Jorge, Lupe, and Angel took it upon themselves to make it happen. The pandemic ultimately catapulted their project and they hit the ground running with London-based Black artist Nayfo and Chicago rapper CHEBAKA joining the label.
Brothers Angel and Jorge are joined by Jorge’s wife, Lupe, in the music. The label, brought to life, is now a family business.
The members of Allá briefly spoke about generational wealth and the importance of creating a legacy for their daughter. As essential workers, they understand the importance of creating long lasting roots for their family.
The pop group also spoke on their musical influences. Lupe explained her preferences depend on her mood, but she tends to lean towards 80s music such as New Order. Angel shared a more specific list of bands such as the Beatles, who he credits with teaching him how to listen to music, and Black Flag, who he says made him want to play it. As for Jorge, he is currently influenced by Sun Ra. “He was prolific,” Jorge said. “He was extremely independent and because he could not find anybody to release his music, he released his own music.”
It’s impossible to speak about the music industry without hearing horror stories, and, unfortunately, they have experiences they shared with me, but why throw salt on the wound. Jorge reflects on what role No Sé Discos plays in today’s music. “I don’t like to use the word ‘scene,’ because scenes come and go. Community stays,” Ledezma said.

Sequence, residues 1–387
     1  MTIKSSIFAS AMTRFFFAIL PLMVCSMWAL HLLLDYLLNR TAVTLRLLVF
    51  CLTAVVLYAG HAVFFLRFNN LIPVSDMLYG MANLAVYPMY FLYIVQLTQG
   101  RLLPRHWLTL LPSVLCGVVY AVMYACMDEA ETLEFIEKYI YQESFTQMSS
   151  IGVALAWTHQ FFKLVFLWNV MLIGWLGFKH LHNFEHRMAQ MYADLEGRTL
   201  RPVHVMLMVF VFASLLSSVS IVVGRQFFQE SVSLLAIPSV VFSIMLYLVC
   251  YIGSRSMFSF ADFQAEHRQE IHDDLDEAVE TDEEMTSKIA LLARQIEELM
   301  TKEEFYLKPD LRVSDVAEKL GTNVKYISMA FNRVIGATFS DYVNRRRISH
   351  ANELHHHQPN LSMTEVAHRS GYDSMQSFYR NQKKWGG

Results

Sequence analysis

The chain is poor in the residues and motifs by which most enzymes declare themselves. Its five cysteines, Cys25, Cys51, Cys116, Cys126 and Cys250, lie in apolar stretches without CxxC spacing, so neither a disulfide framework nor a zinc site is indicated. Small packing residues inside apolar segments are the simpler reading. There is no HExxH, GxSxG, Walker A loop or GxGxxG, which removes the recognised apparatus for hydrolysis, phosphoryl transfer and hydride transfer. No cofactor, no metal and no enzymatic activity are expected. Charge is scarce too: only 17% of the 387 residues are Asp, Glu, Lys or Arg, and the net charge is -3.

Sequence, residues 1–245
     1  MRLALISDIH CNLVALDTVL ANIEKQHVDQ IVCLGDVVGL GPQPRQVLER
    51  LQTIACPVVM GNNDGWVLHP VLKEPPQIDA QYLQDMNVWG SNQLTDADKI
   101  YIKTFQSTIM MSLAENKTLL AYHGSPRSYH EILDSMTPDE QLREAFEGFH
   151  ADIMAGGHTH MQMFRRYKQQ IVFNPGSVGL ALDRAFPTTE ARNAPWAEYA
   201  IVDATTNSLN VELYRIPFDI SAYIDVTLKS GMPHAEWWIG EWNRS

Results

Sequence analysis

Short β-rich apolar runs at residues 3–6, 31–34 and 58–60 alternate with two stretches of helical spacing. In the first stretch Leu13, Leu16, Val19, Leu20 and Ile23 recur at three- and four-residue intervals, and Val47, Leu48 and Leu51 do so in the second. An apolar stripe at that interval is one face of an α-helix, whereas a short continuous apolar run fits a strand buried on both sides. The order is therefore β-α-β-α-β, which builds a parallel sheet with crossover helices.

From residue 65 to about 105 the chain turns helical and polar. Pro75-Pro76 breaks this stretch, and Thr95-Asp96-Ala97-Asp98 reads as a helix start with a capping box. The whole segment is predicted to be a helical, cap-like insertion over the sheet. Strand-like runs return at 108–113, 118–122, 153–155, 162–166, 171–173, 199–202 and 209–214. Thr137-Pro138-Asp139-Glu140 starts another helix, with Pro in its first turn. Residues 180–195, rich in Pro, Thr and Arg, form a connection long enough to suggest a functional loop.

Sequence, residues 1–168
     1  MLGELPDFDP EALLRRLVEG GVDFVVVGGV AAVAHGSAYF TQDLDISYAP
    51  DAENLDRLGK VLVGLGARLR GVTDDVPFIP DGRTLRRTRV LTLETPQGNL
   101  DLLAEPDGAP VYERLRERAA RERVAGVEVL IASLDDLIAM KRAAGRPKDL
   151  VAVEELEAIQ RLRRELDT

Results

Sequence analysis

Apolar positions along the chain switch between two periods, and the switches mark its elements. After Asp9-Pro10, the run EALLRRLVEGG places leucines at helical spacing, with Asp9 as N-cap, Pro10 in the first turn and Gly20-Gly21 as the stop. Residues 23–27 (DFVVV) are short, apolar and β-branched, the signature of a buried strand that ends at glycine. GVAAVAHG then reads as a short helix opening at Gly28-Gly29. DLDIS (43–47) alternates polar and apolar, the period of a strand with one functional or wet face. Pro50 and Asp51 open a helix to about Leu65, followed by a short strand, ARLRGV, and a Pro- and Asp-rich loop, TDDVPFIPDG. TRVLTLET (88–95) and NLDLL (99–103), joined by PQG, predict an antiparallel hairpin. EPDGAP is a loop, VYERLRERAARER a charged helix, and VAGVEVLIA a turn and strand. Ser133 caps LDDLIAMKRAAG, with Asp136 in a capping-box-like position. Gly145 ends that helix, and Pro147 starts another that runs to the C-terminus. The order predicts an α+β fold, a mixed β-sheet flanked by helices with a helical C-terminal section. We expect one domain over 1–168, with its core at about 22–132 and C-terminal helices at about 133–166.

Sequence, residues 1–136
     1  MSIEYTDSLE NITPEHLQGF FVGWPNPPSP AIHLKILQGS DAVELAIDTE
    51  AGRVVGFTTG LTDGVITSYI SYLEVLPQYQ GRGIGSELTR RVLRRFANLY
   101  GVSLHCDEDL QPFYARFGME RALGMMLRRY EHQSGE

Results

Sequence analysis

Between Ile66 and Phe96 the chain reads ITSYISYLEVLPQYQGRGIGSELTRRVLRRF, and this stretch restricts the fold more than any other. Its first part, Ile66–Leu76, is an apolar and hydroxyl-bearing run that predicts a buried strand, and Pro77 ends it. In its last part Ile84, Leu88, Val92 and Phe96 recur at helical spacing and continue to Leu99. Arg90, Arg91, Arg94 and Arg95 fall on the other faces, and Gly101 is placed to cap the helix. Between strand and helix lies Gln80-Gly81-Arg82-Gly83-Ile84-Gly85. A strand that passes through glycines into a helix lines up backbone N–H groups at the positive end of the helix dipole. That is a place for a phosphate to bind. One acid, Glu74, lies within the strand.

The label is more than a label. It’s a community of artists working together to make great art. From visual artists to photographers to musicians, they are ready to help you bring the best out of you and your art. “You go and you make something extremely visceral and different. Think about what heals you, and then when you make that, let me listen to it,” Jorge Ledezma said.
No Sé Discos released their first record in October of this year: You are Essential, a compilation of the three artists in the label.
The label was intentional about creating a complete piece of art. McKinley park artist Natalia Villafuentes created the cover art. The label sourced vinyl locally and hand-folded record sleeves. Most of the album was recorded at Pieholden Studios in Chicago. The records can be found in Chicago record stores such as 606 Records, Shuga Records, Reckless Records and Pinwheel Records.
Although the future is uncertain, the label doesn’t plan on going back to normal. Rather, they are looking to navigate micro-events, artist pop-ups and secure a residency to feature a rotation of artists.
The label is already working on releasing their next album, which is a double album and the first full release for artist Nayfu. “There’s a lot of healing and sweat and blood. Working with these artists has been such a trip,” Jorge Ledezma said.
Sofia McDowell is a freelance writer, blogger and marketing professional. She last covered the Bridgeport Community Canteen for the Weekly’s Best of the South Side 2021 edition.